As well as inspiring countless plays, films and TV shows, this blood-sucking Transylvanian tale has defined the modern vampire as we know it. But forget impersonators: Dracula is the most terrifying original of all.

When solicitor Jonathan Harker visits Count Dracula's estate, he thinks he is there to provide legal advice on a real-estate transaction. It soon transpires that he is Dracula's prisoner and must use all his ingenuity to escape with his life intact...

The events that follow transport the reader to Whitby, Budapest and London in an engrossing, bloody horror story.

About the author

Irishman Bram Stoker wrote Dracula – the most successful of his many novels – while working as manager of the Lyceum theatre and as personal assistant to his idol Henry Irving. 

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Why We Like It

  • The mystery unfolds in a tantalising array of letters and documents
  • Adaptations pale in comparison to the original novel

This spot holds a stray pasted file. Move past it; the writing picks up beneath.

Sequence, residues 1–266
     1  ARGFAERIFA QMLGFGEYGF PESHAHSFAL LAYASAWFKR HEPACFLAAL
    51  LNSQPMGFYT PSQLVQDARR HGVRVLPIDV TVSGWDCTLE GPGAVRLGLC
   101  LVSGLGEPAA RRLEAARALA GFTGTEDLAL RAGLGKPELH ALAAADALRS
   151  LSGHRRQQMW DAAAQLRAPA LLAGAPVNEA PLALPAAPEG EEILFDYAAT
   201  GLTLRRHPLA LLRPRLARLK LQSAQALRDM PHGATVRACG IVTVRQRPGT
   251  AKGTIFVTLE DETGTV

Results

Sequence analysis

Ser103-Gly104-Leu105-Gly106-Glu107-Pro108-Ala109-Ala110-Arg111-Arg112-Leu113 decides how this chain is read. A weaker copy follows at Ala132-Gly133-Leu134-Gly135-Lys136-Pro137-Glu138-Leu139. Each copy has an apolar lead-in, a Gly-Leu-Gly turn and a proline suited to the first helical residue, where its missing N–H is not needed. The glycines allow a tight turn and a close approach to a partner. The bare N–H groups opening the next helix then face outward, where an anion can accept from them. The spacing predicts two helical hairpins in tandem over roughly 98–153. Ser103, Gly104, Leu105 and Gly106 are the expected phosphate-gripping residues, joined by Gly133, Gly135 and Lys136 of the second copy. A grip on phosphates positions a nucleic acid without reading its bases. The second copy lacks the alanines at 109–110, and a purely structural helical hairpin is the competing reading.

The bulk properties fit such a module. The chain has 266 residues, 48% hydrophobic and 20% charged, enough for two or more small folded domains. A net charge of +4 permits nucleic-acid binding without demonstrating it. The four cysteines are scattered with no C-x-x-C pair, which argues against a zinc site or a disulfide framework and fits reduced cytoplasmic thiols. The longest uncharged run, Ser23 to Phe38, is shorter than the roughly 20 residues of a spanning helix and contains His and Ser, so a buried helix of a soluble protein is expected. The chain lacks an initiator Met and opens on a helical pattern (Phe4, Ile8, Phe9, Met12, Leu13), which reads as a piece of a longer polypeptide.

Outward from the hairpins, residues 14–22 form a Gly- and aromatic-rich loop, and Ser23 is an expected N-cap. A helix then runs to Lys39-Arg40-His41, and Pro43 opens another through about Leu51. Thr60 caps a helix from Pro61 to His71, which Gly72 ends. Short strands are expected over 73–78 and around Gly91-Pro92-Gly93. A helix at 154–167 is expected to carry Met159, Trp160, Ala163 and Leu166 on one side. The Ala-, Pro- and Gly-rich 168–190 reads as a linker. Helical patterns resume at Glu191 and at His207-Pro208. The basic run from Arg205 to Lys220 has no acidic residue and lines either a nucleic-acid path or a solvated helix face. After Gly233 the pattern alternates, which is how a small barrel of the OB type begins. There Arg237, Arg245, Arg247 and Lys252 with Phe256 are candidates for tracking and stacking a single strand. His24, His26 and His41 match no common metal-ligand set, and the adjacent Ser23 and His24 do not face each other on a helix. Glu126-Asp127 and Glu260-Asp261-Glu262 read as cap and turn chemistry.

• The perfect Halloween read: still as unsettling as ever

Abraham ‘Bram’ Stoker was born on 8 November 1847 in Dublin. He was a sickly child and spent lots of time reading and listening to stories read by his mother. While studying at Trinity College Dublin he also worked as a civil servant, turning his hand to journalism and drama criticism part-time. A fan of the romantic movement in literature, Stoker corresponded with Walt Whitman and was a friend of Oscar Wilde. In 1876 he met the famous actor Henry Irving, and they soon became friends. Shortly afterwards, Stoker met and fell in love with actress Florence Balcombe.

Against his family’s wishes, in 1878, Stoker moved to London and took a position as actor-manager with Henry Irvings Lyceum Theatre. In December that year, he married Florence and the couple had their only son Noel in 1879.

Stoker wrote his first book of fiction Under the Sunset  in 1881 and would go on to write eighteen books during his life, including the masterful horror classic Dracula, whose central character was heavily based on his boss, mentor and idol, Henry Irving.

He continued to write until his death in 1912. His widow Florence subsequently published Dracula's guest, an excised chapter from the novel.


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